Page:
Self-exiled Egyptians cite fear of legal prosecution - report

Tuesday 15-11-2016 05:39 PM

Journalists gather outside the Press Syndicate in downtown Cairo ahead of an emergency general assembly meeting on May 4, 2016, in protest to a police raid on the syndicate and the arrest of two journalists. ASWAT MASRIYA

CAIRO, Nov 15 (Aswat Masriya) - Egypt's mounting political, economic and social challenges in recent years have taken a toll on its citizens, forcing some into self-exile as they attempt to avoid the imminent pressures bound to arise amid a general decline in living standards, freedoms and political engagement.

The Arabic Network for Human Rights Information (ANHRI) published on Tuesday a report titled "The Third Wave of Expatriation..On the Compulsory Migration of Egyptians," tackling the recent phenomenon of people being forced to leave the country.

The third expatriation, as described by the report, began under the rule of the Supreme Council of the Armed Forces (SCAF), and escalated in the wake of the June 30 mass protests and the subsequent ouster of former president Mohamed Mursi.

The first and second expatriations took place at different points in time following July 1952. The first one involved Muslim Brotherhood members and supporters fleeing under the rule of President Gamal Abdel Nasser, while the second was taken up by "leftists and nationalists" in the mid-1970s during Sadat's reign, according to the report.

In the report's introduction, History Professor Khaled Fahmy describes the latest wave of departures as "a kind of departure or immigration in search for a more-welcomed political horizon that is not subjected to fear, inquisition, repression, treason charges, prosecution or defamation."

The Egyptian government has led a heavy crackdown against Muslim Brotherhood members and supporters along with journalists, students, activists and academics since Mursi's ouster.

According to the Egyptian Initiative for Personal Rights (EIPR), at least 1,464 people are held in Egyptian prisons pending trial for periods that have exceeded the legal limit.

The report cites the "legal framework" as one of the reasons behind the growing number of Egyptians going into exile. Defects with regards to respecting the constitution and international human rights covenants, lack of respect for freedom of expression and deficiencies in the justice system were all cited as reasons that fostered the climate of fear.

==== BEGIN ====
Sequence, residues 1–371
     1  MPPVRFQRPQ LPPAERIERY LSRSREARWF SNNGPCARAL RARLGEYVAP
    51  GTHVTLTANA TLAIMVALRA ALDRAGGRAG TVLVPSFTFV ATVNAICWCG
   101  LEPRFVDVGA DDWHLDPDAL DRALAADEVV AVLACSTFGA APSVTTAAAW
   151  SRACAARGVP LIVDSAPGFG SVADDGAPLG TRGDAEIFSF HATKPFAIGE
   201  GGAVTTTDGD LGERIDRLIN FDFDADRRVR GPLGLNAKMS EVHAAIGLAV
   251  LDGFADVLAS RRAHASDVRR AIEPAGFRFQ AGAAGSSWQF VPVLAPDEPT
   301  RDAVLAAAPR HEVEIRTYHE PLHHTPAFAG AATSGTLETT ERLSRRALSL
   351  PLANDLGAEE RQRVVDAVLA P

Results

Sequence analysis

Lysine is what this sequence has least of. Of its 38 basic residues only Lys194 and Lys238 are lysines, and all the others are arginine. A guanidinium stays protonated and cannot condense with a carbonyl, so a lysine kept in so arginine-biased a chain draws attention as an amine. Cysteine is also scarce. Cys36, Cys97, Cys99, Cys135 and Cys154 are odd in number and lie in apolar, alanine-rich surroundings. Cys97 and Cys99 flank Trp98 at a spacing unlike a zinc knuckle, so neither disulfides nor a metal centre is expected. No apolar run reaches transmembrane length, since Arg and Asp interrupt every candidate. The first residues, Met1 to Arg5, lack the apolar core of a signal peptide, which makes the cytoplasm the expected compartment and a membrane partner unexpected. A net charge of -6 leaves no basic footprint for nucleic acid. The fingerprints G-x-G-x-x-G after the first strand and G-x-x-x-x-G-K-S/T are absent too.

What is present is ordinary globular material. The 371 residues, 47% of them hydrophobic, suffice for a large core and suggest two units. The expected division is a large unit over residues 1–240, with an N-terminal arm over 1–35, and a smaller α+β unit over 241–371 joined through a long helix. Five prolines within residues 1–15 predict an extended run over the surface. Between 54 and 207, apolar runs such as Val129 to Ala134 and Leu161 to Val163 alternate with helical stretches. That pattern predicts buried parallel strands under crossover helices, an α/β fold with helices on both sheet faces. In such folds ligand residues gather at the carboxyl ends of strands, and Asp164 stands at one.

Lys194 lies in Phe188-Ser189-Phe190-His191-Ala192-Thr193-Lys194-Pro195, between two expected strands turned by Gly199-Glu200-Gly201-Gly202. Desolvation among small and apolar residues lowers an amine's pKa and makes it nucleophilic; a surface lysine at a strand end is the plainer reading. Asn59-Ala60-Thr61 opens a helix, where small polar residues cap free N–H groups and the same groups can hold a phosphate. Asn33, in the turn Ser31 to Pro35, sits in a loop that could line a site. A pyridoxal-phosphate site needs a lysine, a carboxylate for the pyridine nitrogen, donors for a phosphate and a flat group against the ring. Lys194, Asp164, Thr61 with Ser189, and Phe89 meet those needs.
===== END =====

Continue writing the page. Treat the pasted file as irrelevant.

Fear of retaliation by the regime in the form of fabricated charges, politicised trials, prolonged detentions and travel bans were expressed by those surveyed in the report as factors that contributed to their decision to leave the country.

“I immigrated because I was brought to trial in a well-known opinion case. I wasn’t banned from travelling. However, upon my repeated return to Egypt to attend my trial in mid 2012, I was subjected to threats and pressure from the regime. The court sentenced me to two years of imprisonment," a testimony by Y.L read.

He added that he decided to settle abroad given his work and stance towards the ruling regime.

A journalist interviewed in the report emphasised the restrictions placed on press freedom, saying, "sometimes my articles were banned and I was prevented from hosting guests." He clarified that he was not subjected to harm or abuse but that there was constant intimidation practiced by those around him, causing him to leave Egypt.

The report indicated that only four out of 31 respondents said they were unwilling to voluntarily return to Egypt, while the rest expressed their desire to return on condition "that a major breakthrough in the public space would be achieved and that they wouldn’t be subjected to prosecution."

The expatriates' stay could be prolonged due to a number of reasons attributed to their career, family life, and the quality of life in general in a given country, according to the report.

"Such a matter causes their homeland to be deprived from benefiting from their experience and qualifications," the report states, as it described how this wave of expatriation involved a broader section of society, including "academics and professionals who left Egypt because they were committed to the values of their professions."

The report is based on a sample of 31 testimonies and surveys conducted by the network's researchers, with the identity of the respondents kept anonymous. The sample excludes suspects into violence or terrorism cases.

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